Screen Rant’s Ben Kendrick reviews Arthur
Hollywood’s current obsession with rebooting classic film-brands (such as Annie, The Karate Kid, and soon The Three Stooges) has, for better or worse, just birthed the latest “reimagining” set to prey on moviegoers’ collective nostalgia – Arthur with UK comedian/actor Russell Brand in the titular role.
The original Arthur, starring Dudley Moore, premiered in 1981 to critical and commercial success – owing greatly to the smart and irreverent performance of its leading man. As a result, Arthur is still a timeless classic that, in spite of the aging look of the film stock, manages to tell a modern story of true love – albeit a silly one. In this remake Warner Bros. and director Jason Winer have attempted to refresh Arthur’s story for a new generation, hiring screenwriter Peter Baynham (Borat and Bruno) as well as replacing drunk driving and choo-choo trains with a Batmobile and Evander Holyfield.
So does the updated take on the classic comedy make this film a must-see like the original – or is Arthur further proof that Hollywood really needs to back off on remakes?
Unfortunately, Brand’s Arthur is representative of the latter notion. It’s an uneven movie, that not only copies an astonishing number of lines and set-pieces directly from the original, but any modern additions to the plot only serve to convolute the overarching narrative as well as pander to the audience by showering them one pop culture reference after another.
If you’re unfamiliar with the basic premise of the Arthur remake, here’s the synopsis:
Irresponsible charmer Arthur Bach (Russell Brand) has always relied on two things to get by: his limitless fortune and the good sense of lifelong nanny Hobson (Helen Mirren) to keep him out of trouble. Now he faces his biggest challenge–choosing between an arranged marriage that will ensure his lavish lifestyle or an uncertain future with the one thing money can’t buy, Naomi (Greta Gerwig), the only woman he has ever loved. With Naomi’s inspiration and some unconventional help from Hobson, Arthur will take the most expensive risk of his life and finally learn what it means to become a man, in this re-imagining of the classic romantic comedy “Arthur.”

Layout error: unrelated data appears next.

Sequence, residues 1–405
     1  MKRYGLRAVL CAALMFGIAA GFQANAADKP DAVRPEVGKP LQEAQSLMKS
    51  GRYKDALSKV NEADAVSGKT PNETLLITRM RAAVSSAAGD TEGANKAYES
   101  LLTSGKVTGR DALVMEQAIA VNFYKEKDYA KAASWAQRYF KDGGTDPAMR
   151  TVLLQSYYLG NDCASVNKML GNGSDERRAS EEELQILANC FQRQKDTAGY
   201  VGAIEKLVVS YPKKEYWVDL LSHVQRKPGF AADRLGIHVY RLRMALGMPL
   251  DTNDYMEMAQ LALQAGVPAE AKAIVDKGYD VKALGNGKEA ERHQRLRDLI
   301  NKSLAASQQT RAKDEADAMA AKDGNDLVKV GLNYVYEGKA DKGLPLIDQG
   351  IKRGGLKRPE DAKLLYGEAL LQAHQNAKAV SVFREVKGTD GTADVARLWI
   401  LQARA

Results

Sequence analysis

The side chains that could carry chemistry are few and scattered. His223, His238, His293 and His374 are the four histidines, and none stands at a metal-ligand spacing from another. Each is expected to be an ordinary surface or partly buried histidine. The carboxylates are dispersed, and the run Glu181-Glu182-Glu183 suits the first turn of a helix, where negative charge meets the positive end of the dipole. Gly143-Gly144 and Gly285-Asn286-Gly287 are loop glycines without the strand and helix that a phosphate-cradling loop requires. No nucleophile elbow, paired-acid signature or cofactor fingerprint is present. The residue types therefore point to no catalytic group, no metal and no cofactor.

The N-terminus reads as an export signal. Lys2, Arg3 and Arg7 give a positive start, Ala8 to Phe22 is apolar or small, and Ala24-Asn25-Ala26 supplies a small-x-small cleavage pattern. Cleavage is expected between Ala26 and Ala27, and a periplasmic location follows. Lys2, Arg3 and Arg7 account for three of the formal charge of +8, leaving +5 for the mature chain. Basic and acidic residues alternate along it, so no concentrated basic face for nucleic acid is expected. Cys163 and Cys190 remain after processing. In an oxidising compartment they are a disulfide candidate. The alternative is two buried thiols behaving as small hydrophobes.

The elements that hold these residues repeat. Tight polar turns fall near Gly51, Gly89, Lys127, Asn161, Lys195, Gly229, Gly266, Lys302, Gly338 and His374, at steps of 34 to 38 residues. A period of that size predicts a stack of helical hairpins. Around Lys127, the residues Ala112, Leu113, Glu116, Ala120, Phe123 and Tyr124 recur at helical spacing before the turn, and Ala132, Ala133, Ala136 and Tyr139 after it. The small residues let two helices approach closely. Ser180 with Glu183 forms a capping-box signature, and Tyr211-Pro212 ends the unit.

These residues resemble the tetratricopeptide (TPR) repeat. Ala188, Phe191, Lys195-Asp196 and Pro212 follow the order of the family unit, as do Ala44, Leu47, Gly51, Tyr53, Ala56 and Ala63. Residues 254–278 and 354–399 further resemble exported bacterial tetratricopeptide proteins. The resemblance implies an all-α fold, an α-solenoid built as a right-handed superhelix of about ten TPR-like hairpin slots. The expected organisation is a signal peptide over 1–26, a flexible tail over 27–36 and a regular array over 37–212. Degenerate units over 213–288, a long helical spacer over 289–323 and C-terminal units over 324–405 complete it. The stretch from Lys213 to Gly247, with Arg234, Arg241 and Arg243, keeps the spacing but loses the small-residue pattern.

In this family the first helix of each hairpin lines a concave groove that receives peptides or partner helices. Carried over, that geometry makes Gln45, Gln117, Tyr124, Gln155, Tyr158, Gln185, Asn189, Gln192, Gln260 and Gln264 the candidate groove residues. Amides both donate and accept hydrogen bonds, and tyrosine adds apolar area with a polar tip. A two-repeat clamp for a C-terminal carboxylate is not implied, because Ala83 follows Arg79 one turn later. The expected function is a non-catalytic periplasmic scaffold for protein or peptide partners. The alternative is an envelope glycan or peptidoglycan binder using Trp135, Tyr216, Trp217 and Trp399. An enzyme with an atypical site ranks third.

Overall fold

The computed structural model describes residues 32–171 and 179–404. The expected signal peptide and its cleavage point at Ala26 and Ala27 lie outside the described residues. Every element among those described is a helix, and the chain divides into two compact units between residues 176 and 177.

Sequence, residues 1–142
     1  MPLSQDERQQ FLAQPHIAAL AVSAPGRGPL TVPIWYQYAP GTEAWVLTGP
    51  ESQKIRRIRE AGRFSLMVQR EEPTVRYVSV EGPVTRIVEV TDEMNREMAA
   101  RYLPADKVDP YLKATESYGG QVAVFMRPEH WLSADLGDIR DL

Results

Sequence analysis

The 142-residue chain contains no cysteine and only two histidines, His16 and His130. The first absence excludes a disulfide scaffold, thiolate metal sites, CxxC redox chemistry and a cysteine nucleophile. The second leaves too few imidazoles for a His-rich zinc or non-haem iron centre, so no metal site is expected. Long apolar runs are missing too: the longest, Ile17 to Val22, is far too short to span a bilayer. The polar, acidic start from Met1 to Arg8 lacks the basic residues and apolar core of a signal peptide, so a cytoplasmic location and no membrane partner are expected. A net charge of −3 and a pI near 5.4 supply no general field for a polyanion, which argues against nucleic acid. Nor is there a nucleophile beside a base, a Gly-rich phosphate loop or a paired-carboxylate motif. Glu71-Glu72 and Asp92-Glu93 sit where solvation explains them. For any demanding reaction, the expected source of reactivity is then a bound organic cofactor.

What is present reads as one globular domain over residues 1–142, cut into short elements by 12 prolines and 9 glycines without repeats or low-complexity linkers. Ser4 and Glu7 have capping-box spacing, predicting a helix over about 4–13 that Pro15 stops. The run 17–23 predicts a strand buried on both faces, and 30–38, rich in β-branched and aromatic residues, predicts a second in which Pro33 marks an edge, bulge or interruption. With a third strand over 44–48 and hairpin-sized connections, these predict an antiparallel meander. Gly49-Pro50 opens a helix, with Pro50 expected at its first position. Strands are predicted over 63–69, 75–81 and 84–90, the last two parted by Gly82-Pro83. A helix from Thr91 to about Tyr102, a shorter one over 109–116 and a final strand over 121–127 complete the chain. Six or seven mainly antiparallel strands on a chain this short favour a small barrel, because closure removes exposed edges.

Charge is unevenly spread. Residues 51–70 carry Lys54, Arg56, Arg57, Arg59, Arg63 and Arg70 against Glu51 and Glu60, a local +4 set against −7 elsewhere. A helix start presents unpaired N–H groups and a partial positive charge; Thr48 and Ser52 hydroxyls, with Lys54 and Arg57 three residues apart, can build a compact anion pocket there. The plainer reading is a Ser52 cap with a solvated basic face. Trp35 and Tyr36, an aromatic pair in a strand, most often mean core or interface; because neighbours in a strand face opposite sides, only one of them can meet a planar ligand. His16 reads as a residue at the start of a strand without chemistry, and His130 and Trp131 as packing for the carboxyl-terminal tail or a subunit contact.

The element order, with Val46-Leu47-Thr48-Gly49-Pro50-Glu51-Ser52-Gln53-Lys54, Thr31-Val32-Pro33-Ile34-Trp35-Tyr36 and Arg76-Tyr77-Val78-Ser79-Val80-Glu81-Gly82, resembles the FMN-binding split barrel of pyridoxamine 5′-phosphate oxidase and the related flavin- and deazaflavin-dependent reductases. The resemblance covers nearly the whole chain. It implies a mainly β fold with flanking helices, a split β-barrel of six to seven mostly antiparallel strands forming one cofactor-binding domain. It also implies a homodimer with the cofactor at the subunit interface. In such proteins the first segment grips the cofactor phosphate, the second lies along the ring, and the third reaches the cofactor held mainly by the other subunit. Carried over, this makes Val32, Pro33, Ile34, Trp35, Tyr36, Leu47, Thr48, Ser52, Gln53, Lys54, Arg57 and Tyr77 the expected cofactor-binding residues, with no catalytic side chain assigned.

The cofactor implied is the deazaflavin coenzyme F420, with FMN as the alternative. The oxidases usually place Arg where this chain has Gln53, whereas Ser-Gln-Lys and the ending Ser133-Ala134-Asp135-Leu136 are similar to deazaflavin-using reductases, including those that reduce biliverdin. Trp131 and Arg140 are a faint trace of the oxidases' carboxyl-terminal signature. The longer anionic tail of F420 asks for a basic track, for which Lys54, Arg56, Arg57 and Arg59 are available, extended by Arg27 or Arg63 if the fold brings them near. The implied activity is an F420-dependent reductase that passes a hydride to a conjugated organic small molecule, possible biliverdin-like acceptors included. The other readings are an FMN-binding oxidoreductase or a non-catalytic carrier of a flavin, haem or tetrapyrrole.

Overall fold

Brand offers the same rich and reckless man-child audiences will remember from Forgetting Sarah Marshall and Get Him to the Greek. Overall he’s fine in the role, and successfully comes alive (much like Moore did) in his interactions with fan-favorite character Hobson (a woman this round, played by Helen Mirren). Unfortunately he’s dead-faced in the more emotional moments. Mirren brings a lot of charm to the production, but despite her talents even the Academy Award-winner is mostly going through the motions – chained by a shocking amount of copy and pasted dialogue (not to mention entire scenes) from the original film. The lines and set pieces could have been a sweet throwback – if the new Arthur film had actually been made for fans of the original.
Greta Gerwig, who received loads of critical praise for her stand-out performance alongside Ben Stiller in Greenberg, is the only cast member who truly seems invested in rising to the more emotionally charged moments of the film (just look at Nick Nolte for the polar opposite) – and for the most part, she’s successful even when the overall production flounders.